These days, I’m focused on supporting professional women in the robotics community, industry, or academia. These are women who are doing critical research and building cutting-edge robots. What do solutions look like for them? Our wonderful annual Ada Lovelace Day list hosted on Robohub has increased the awareness of many ‘new’ faces in robotics. But we have been forced to use profile pictures, primarily because that’s what is available. That’s also the tradition for profile pieces about the work that women do in robotics. The focus is on the woman, not the woman building or programming, or testing the robot. That means that the images are not quite right as role models.

andrea keay's image search results that better represented females in robotics showing images of women brainstorming on a see-through whiteboard, and sitting near constructed robots

Above: Further examples from Andrea Keay’s image search results that better represented females in robotics

Image Credit: Andrea Keay

A real role model shows you the way forward. And that the future is in your hands. The Civil Rights activist Marian Wright Edelman said, “You can’t be what you can’t see.”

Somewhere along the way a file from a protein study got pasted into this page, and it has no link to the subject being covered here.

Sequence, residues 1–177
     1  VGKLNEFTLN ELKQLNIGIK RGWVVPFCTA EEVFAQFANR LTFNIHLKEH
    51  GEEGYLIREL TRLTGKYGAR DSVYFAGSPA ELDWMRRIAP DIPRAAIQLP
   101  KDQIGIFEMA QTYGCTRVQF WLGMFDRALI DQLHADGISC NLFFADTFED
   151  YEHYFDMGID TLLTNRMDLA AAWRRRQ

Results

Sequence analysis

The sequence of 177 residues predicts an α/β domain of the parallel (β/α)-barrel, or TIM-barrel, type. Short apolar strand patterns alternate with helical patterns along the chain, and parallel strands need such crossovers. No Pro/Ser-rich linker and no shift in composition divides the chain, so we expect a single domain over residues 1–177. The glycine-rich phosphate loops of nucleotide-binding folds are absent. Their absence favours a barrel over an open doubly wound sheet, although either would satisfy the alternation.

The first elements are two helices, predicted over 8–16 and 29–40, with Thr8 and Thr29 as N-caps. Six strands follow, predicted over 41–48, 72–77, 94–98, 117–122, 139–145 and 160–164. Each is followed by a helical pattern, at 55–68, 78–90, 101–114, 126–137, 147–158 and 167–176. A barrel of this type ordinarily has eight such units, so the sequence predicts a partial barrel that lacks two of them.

A set of images from andra keay's search results displaying the few good images found in the search more accurately representing women working in robotics

Above: A set of images from Andra Keay’s search results displaying the few good images found in the search more accurately representing women working in robotics.

Image Credit: andra keay

So Women in Robotics has launched a photo challenge. Our goal is to see more than 3 images of real women building robots in the top 100 search results. Our stretch goal is to see more images of women building robots than there are of female robots in the top 100 search results! Take great photos following these guidelines, hashtag your images #womeninrobotics #photochallenge #ibuildrobots, and upload them to Wikimedia with a creative commons license so that we can all use them. We’ll share them on the Women in Robotics organization website, too.

Andra Keay's guidelines for what does make a great photo of women in robotics includes: real robot programming, adults of various ages working on robotics, active single subject of the image, individuals pictured shown using tools or code to build a robot, unbranded images, and images that have permission from the subject to be use

Above: Andra Keay’s guidelines for what makes a great, accurate, and realistic photo representing women in robotics.

Image Credit: andra keay